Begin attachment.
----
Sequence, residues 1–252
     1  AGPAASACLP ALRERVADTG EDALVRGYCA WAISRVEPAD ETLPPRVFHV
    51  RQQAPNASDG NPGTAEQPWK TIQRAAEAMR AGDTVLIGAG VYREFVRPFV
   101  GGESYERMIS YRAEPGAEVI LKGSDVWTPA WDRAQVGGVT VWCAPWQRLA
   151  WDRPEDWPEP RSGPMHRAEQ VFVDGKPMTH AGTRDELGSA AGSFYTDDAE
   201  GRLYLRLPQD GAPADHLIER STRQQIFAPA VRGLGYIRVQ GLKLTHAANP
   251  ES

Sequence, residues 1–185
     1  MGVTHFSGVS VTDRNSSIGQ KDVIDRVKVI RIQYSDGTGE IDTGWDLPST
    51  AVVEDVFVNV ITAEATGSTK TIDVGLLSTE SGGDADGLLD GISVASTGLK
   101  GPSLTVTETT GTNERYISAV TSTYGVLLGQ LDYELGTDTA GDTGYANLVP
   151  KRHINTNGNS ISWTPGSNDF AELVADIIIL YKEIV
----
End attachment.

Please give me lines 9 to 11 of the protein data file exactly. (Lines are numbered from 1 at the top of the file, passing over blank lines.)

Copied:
     1  MGVTHFSGVS VTDRNSSIGQ KDVIDRVKVI RIQYSDGTGE IDTGWDLPST
    51  AVVEDVFVNV ITAEATGSTK TIDVGLLSTE SGGDADGLLD GISVASTGLK
   101  GPSLTVTETT GTNERYISAV TSTYGVLLGQ LDYELGTDTA GDTGYANLVP